Along with documentation of events, make sure that you document your efforts and what steps you have taken as an employer to let the employee in question know that their performance is unacceptable. Establish a system of verbal and written warnings, letting the employee know that future incidents of this nature will result in further disciplinary action, leading up to and including termination. Make sure that your efforts are timely, factual, and that you have a signature from your employee notating that they understand what is expected of them, and know that it is in their hands to make the required improvements. In the event that the frowned upon behavior continues, again, focus on timely execution of your system. Please note that if you have warned an employee for their attendance, you cannot terminate them for Internet usage. You must execute a separate disciplinary action process for new undesirable behaviors that arise. Should you be in a position to have to terminate your employee, you can simply provide your documentation, including written warning forms with signatures to the unemployment office and avoid a “he said, she said” battle of wills.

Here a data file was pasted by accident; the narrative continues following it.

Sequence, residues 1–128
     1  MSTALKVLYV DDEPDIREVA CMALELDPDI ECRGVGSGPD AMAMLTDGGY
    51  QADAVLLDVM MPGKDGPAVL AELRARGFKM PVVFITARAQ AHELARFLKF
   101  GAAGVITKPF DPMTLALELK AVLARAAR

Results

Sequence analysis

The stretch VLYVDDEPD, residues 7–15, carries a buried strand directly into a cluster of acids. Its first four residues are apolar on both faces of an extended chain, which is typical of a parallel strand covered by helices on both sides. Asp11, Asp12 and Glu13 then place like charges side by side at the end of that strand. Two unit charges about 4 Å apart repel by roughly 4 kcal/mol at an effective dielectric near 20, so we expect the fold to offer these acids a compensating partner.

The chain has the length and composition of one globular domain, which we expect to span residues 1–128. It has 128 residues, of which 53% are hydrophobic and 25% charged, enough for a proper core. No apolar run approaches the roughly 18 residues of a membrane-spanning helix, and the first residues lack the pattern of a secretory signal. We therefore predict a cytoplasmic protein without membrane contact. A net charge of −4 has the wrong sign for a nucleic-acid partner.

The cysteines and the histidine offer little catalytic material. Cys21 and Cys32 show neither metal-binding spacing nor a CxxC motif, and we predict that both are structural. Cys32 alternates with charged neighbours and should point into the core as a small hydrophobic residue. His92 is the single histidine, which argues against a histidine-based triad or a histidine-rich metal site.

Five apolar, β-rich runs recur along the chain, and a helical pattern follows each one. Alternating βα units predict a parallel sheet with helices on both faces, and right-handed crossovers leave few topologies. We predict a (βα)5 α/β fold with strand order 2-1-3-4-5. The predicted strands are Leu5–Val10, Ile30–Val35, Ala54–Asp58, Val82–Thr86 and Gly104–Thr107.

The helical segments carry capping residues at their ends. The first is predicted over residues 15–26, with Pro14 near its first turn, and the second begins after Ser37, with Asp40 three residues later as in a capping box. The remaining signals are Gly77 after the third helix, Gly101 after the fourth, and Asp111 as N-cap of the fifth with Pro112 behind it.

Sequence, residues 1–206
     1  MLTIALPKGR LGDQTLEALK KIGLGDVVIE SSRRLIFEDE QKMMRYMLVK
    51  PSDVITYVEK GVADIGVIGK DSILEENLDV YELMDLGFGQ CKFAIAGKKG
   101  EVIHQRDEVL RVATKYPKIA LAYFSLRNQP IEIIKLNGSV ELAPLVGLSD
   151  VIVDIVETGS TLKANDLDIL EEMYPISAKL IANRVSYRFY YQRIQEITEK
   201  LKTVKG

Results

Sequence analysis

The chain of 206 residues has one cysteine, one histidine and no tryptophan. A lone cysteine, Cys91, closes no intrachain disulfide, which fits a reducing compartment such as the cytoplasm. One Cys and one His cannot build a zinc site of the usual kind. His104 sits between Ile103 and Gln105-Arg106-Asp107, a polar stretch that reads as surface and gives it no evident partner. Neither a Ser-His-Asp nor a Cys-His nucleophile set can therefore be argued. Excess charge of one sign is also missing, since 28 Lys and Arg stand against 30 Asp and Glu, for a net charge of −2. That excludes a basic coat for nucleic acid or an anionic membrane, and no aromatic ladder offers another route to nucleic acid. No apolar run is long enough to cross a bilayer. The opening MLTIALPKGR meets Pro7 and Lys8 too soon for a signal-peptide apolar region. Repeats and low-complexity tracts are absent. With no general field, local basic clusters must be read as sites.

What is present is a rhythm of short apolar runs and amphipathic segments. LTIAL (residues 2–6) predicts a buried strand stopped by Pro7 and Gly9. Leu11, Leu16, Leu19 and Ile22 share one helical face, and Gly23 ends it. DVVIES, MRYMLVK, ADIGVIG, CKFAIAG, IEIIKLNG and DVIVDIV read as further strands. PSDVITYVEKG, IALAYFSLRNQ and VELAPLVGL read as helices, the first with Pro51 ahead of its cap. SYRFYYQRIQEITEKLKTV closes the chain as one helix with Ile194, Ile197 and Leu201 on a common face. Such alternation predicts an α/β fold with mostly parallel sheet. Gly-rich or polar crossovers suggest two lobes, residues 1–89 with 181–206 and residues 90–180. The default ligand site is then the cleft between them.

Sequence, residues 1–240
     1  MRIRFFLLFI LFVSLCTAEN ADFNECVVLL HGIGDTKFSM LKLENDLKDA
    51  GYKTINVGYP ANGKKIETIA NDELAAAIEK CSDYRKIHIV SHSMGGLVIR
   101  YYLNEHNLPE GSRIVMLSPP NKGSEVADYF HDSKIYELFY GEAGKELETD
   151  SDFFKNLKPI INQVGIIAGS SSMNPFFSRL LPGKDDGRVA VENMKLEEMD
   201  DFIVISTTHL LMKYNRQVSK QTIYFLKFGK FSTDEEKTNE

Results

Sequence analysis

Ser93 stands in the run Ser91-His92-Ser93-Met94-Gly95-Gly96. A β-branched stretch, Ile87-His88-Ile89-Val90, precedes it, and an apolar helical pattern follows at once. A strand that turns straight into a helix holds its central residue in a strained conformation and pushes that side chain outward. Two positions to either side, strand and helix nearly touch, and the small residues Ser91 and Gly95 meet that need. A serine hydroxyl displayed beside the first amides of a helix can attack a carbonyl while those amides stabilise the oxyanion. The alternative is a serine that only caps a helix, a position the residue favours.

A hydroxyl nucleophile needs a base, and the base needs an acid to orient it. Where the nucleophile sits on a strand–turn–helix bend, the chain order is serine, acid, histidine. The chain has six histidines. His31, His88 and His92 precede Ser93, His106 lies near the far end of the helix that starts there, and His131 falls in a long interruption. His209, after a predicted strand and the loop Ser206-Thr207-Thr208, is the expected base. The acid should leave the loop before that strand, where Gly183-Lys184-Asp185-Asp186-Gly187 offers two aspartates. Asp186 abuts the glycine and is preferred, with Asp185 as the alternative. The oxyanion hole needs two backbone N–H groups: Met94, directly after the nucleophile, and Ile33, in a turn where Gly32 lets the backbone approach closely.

Finally, the importance of resignation letters needs to be addressed. Unfortunately, even the best companies have people leave. Lives and priorities change, another firm may offer a more attractive compensation package, or your employee may have decided to head out on an adventure to see the world. Whatever the case, when an employee leaves his or her employment on their own volition, your firm is not liable. To quickly and easily protect your firm, simply ask that your employee submit a letter of resignation, indicating that they have chosen to sever ties with your company. This letter alone can be sent to the unemployment office and take away any liability on the part of your firm.